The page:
video

This chapter of the new Crash Course series has not yet been made available to the public.

Each week over the rest of 2014, in sequential order, a new chapter will be made publicly available (we've currently published up to Chapter 21)

If you don't want to wait, you can:

 

 

 

 

Insider

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Oil at Risk

Get ready for $150 per barrel oil?
Monday, June 16, 2014, 12:57 PM

Executive Summary

  • Why this Iraq crisis comes at a very vulnerable time for world oil markets
  • The three mostly likely outcomes to the current crisis, and the resulting oil price of each
    1. ISIS remains contained from here
    2. ISIS takes Bagdad and points south
    3. A more widespread Middle East conflict erupts
  • The growing risk to the global economy & financial markets
  • What concerned individuals should do now

If you have not yet read Iraq Breaks Down, Oil Surges, available free to all readers, please click here to read it first.

The biggest risk to the world economy from the developing Iraq situation is that the price of oil could spike higher, killing the sputtering economic 'recovery' and triggering both a new global Recession and financial crisis.

Now, here's the truly interesting part of where we are in this story.

The IEA (International Energy Agency) has recently called for OPEC to deliver more oil by year end, which I wrote about here, and especially called upon Saudi Arabia to do so because world oil supplies are incredibly tight right now.  OPEC is the only entity in the world with any identifiable 'swing production', as all of the non-OPEC nations are alrady producing at maximum capacity. At least, the hope is that OPEC has additional production capacity.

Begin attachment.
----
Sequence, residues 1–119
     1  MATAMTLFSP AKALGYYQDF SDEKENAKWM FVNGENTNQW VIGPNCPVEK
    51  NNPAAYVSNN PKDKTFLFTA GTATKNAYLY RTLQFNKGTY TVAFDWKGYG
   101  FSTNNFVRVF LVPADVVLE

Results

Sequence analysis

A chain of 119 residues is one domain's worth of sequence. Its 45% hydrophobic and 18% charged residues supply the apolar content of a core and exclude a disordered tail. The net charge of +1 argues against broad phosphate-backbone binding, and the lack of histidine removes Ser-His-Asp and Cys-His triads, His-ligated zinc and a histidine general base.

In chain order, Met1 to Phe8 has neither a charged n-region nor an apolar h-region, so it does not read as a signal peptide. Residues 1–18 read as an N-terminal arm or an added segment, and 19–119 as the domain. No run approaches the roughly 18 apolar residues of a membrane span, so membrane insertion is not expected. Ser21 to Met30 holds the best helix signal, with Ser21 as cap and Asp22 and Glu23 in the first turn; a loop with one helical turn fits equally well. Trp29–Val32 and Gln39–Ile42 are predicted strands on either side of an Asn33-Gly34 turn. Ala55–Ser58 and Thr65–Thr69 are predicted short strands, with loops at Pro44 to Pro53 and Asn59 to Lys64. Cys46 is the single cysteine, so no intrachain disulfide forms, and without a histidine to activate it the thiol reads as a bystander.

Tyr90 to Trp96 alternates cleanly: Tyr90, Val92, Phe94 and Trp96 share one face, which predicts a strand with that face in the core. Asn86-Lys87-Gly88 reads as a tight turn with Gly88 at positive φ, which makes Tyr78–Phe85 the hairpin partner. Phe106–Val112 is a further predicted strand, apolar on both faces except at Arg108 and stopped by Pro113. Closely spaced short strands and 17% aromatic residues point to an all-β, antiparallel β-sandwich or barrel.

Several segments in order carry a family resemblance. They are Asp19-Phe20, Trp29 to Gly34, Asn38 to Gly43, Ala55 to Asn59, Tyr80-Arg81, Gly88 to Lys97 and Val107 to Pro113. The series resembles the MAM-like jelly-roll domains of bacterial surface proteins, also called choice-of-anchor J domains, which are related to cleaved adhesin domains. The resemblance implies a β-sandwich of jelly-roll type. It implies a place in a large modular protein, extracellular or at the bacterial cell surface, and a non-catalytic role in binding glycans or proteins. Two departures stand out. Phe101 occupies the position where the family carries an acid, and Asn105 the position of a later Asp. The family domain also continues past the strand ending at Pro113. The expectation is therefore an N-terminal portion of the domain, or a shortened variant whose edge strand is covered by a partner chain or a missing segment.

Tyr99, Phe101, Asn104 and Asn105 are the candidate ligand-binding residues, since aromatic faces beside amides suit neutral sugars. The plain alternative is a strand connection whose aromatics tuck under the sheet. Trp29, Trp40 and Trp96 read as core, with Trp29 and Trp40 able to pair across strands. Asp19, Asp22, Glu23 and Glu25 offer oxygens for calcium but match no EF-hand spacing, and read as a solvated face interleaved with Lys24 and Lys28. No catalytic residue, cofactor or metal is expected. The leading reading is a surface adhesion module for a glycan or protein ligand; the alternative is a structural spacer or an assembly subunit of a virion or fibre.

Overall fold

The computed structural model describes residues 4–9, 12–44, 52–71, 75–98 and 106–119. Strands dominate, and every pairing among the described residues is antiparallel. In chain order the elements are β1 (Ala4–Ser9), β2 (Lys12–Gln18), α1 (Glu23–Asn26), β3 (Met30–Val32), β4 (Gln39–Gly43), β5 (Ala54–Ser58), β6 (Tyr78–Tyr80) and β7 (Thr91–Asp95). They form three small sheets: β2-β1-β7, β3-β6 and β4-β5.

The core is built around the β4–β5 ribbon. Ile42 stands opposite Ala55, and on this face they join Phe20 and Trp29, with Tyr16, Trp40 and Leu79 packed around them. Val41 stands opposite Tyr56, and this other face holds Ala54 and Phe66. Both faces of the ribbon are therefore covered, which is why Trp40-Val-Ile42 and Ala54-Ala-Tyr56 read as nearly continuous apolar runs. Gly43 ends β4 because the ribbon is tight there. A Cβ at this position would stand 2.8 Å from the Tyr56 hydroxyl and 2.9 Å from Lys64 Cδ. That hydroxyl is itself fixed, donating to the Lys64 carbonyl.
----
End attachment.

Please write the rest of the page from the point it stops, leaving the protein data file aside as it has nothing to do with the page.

In the prior piece mentioned, I wrote that of the 12 OPEC members, 8 are in a sustained decline trend for a variety of geological or political reasons. Only 4 are not. Only 1 actually has shown a significant increase in oil production over the past few years -- and that was Iraqwhich had added 1.5 mbd recently:

Here's what's at risk if the ISIS rebels push further south:

(Source)

The IEA is already calling on OPEC to deliver 1.2 mbd more by year end 2014. If Iraq's production is lost, then we can just add that amount to the 'needed total' that the IEA has requested be brought on line by Saudi Arabia, an amount that I already sincerely doubt they can meet. If even a portion of Iraq's production is lost, then we can just kiss $110 barrel good-bye and say hello to $150 per barrel oil. War is messy and it's never easy to predict what might happen, but we'd be foolish to not consider what might happen here.

The true game-changer for the world will come when... » Read more

Insider

Ciprian Stremtan/Shutterstock

The Trouble with Numbers

Our 'good' data worsens the closer we look
Tuesday, June 10, 2014, 12:06 PM

According to the ever-strident popular press, the world is in recovery. The stock market says so, the bond market says so, and the politicians and monetary bureaucrats all say so.

The only trouble is the central banks continue to flood the world with liquidity, something they shouldn't need to be doing if a true recovery were really upon us. » Read more